One would not expect something so refined and low key for a rocker with hits like
“Bat Out of Hell” and “Paradise by the Dashboard Light” under his capacious belt.
By Louis Postel, first published in Design Times magazine with photography by Mark Lobman
The décor in the dining room exemplifies the soothing quality that designer Darren Henault sought to give the interior of Meat Loaf’s Los Angeles home. “The whole house is a combination of reflective surfaces and flat surfaces,“ Darren explains.“ The trim is lacquer, the walls are flat. It’s a soft, easy, demure look. “For the dining room walls, Darren chose paint from an English company, Farrow & Ball, which specializes in recreating 18th-and 19th-century colors. The lacquered trim and paneling “perks it up a bit” and glimmers in the candlelight to bring out the fine interior architecture. The rug is Safavieh, the chair fabric from Scalamandre and the table comes from Greene Street Antiques in New York.
Over the past seven years, noted interior designer Darren Henault has created six houses for the rock musician Meat Loaf, his wife Leslie and their family. Each house has been totally different from the others and each has reflected different facets of their lifestyle. For their new LA house the family really wanted an East Coast-style house similar to the ones that Darren designed for them in Connecticut and New York. They selected a house that was in very good condition, built in the 1920s.
While the interior was dark, Darren found that a key to lightening the place was to use pale cream lacquer paint on moldings and wainscoting throughout the house, giving each room a sense of fusion with the others. Darren then used matte finishes to complete the rooms’ backgrounds. Meat Loaf and his family love to entertain friends and colleagues-usually at very informal dinners at the big table in the kitchen. Leslie is known for her cooking, so filling seats at their dining table is never a problem. Although Darren created a very special dining room in the house- the spectacular candelabra on the dining room table is 17th –century Swedish- the room isn’t used very often.
Even so, Darren proudly shows off the pinpoint spotlights that he embedded in the dining room ceiling. There are eight of them and they shine directly on the place settings of the eight guests seated at the dining table, casting each guest in a warm glow while their food is well lit. Darren found four antique room chairs that his client loved. So he merely had his furniture-maker replicate four more of the same design. These days Meat Loaf is away a lot, making movies around the world, and appearing in stadiums and concert halls in Europe, Asia and Latin America, where he is a huge international star. So when Meat Loaf is at home, he really wants to relax. That often means listening to music or catching up on movies.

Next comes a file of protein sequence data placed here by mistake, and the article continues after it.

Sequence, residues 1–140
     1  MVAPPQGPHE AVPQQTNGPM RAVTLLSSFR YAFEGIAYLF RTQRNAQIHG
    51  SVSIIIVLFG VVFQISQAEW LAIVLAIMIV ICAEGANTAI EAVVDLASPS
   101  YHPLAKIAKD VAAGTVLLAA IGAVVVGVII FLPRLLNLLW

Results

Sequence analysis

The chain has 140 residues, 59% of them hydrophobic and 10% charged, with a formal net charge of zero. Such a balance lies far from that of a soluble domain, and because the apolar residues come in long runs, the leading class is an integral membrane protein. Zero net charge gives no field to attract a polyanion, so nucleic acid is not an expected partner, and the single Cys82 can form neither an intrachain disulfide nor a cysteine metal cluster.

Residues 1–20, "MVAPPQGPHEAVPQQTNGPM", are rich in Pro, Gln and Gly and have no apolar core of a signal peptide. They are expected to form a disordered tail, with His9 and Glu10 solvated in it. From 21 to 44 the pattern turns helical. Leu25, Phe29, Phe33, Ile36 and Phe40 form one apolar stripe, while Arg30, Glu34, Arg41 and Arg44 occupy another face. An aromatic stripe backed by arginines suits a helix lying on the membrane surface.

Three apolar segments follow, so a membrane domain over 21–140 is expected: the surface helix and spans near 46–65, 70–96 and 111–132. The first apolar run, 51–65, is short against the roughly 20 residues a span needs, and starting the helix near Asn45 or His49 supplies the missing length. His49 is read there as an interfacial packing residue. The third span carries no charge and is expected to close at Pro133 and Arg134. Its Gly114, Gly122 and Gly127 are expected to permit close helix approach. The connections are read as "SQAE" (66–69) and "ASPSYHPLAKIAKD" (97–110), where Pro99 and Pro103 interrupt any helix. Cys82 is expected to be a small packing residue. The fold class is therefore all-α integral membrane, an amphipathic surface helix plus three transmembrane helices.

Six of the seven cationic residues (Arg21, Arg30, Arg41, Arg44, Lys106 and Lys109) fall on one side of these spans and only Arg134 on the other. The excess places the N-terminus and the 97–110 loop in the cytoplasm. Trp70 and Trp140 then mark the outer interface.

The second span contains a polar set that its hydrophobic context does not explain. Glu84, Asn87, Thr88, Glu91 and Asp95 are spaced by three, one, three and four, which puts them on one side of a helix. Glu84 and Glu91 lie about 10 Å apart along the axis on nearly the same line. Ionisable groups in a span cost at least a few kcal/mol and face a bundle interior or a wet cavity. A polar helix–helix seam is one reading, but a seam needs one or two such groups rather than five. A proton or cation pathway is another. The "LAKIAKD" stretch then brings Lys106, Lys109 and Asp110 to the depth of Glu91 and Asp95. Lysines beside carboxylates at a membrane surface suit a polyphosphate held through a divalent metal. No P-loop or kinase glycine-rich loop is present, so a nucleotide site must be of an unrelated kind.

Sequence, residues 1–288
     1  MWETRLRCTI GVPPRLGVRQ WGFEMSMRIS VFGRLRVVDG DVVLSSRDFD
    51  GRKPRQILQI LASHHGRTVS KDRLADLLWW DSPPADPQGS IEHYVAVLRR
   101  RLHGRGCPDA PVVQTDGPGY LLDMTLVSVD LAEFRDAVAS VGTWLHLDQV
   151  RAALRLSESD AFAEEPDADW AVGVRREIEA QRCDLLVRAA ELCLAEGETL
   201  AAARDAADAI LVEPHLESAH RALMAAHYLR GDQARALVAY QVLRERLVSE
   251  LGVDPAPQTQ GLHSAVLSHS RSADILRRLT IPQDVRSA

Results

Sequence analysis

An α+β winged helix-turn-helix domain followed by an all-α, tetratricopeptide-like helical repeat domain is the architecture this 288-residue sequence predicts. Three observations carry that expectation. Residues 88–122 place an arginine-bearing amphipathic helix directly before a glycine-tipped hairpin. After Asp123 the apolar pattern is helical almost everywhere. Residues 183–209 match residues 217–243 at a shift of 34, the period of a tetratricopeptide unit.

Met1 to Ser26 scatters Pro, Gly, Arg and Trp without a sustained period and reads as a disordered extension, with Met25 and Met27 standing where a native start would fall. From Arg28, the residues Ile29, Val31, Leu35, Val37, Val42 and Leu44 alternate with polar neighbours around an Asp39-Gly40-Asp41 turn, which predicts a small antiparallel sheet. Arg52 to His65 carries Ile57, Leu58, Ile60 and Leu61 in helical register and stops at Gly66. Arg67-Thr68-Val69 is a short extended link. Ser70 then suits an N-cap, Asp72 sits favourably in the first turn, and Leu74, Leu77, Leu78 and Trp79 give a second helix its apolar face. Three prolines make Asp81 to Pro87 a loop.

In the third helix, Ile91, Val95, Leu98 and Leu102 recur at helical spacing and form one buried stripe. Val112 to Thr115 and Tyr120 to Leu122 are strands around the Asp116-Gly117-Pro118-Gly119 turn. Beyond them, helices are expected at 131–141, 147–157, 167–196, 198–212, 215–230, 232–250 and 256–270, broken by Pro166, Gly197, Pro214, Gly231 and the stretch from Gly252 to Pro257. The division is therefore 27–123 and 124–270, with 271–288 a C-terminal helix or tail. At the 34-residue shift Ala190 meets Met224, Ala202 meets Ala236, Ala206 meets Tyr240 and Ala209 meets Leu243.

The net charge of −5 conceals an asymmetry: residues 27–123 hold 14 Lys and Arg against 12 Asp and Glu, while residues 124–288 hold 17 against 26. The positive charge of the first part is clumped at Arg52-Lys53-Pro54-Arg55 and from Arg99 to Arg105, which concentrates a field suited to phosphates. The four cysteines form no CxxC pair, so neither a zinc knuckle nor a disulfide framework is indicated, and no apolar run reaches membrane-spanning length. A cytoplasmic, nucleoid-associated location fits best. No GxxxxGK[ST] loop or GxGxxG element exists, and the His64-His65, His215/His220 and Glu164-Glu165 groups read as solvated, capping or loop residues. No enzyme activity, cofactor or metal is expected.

Darren saw to it that every room in the house is wired to the hilt to accommodate virtually every kind of electronic entertainment. And there is a pool, of course.In surveying the house initially. Darren saw a little need for major construction. He did add lots of cabinetry, turned a maid’s room into a home office, and converted a second floor bedroom into a media room. Some of the furniture was brought in from previous homes, but Meat Loaf and Leslie really wanted a different look, so Darren went on full alert looking for pieces that he stores around the world and in some really unexpected places.
The porch design (far left) fits in with Meat Loaf’s desire for the feel of a New England home. The floor is old, salvaged brick. The long sofas in the back feature bookcases on either end and special pillows with mattress from the turn of the century. These needle-pointed phrases such as “Home sweet home,” the Ten Commandments and a map of the East Coast had been framed and hung on to the wall of Meat Loaf’s Connecticut home. “We took them out of the frames and made them into pillows,” Darren says. “It was quite a decadent thing to do. Mottoes are quite valuable.” The leaded glass window behind the sofa, etched with the image of a pelican, was part of a church in South Carolina.
“Let me sleep on it / Baby, baby, let me sleep on it / And I’ll give you an answer in the morning.”
The bed in the master bedroom comes with a custom designed headboard. The checked fabric on the ottoman-actually a pop-up television-bails from Clarence House. The fabric for the bedding comes from Coraggio. Darren says he spotted the mahogany table in a barn in Pennsylvania and added a custom stool.
Having worked with Darren on putting together six houses, Meat Loaf and Leslie have come to fully respect Darren’s taste. A dressing table was found in Pennsylvania attic. When Meat Loaf was in New Orleans filming “Crazy in Alabama,” a first-time directorial effort by Antonio Banderas starring his wife, Melanie Griffith, he came upon a 19th century frame sofa that he liked and had Darren fly to New Orleans on the spot to approve. Now the newly covered sofa looks utterly splendid in Meat Loaf’s LA living room. The art in the house consists mostly of American Post-Impressionist paintings collected over the years with Darren’s consultation. The media room walls are hung with Meat Loaf’s collection of original oil paintings of cover art that were produced for 1940s crime magazines and novels. It is now one of the largest and most important collections of its genre. From the beginning Meat Loaf and Leslie wanted Darren to create a family home, a place where everybody, even the youngest visitors, would feel comfortable. Although Meat Loaf and Leslie’s two daughters are grown she nevertheless asked Darren to turn one of the bedrooms into a nursery where visitors’ kids can frolic and where they hope their grandchildren will eventually stay when they are at the house.
Where is Meat Loaf today?
Probably somewhere on the road, wishing he were at home.